• Years Active: 1999-2014
  • Ireland Caps: 133
  • Ireland Points: 145
  • Six Nations Wins: 2

1. Johnny Sexton

Johnny Sexton with his thumb up

The best Irish rugby player of all time is Johnny Sexton. He is one of Ireland’s most famous players and only recently retired. After Ireland’s defeat in the World Cup, Sexton announced his retirement in October 2023. He had an incredible professional career, beginning with Leinster in 2006 and ending with the Irish side in 2023.

The fly-half began playing for Ireland in 2009, and he immediately showed us all what he can do. He scored 16 points on his debut in Fiji, landing five conversions and two penalties in difficult weather conditions. In November 2009, they selected Sexton ahead of one of the best Irish rugby players, Ronan O’Gara. He thrived in that match, kicking all of Ireland’s 15 points and playing with a broken hand.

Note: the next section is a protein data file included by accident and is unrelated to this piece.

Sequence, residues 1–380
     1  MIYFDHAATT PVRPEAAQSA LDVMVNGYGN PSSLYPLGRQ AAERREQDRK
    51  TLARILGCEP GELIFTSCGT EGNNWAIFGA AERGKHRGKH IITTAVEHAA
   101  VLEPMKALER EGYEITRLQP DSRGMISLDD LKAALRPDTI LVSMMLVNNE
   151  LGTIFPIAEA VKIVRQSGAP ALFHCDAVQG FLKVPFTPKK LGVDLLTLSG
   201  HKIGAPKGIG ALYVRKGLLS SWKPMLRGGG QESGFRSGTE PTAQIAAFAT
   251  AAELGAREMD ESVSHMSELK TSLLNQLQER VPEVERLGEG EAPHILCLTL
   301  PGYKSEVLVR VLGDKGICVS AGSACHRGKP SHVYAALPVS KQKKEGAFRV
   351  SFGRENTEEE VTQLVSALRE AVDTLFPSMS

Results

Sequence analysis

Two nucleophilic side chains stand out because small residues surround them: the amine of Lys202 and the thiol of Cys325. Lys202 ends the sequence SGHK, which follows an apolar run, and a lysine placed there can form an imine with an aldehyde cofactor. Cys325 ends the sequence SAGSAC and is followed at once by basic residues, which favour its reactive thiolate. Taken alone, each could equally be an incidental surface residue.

Sexton won four Six Nations, two Grand Slams, three Triple Crowns, and three test series. He also won the ERCC on four occasions, the Pro14 six times, and the Irish Shield twice. Sexton was the World Rugby Player of the Year in 2018, and we will deeply miss watching him play this season.

  • Years Active: 2006-2023
  • Ireland Caps: 118
  • Ireland Points: 1,108
  • Six Nations Wins: 4

Who Are the Best Irish Rugby Players of All-Time?

There you have it, the 20 best Irish rugby players ever. The names above are some of the most famous rugby players from Ireland. We have big plans to continue celebrating the greats, so check back here for more fantastic lists of the greatest rugby players. Plus, we are keeping a close eye on the URC and ERCC this season, so give us a read if you are looking for next weekend’s rugby predictions and betting tips.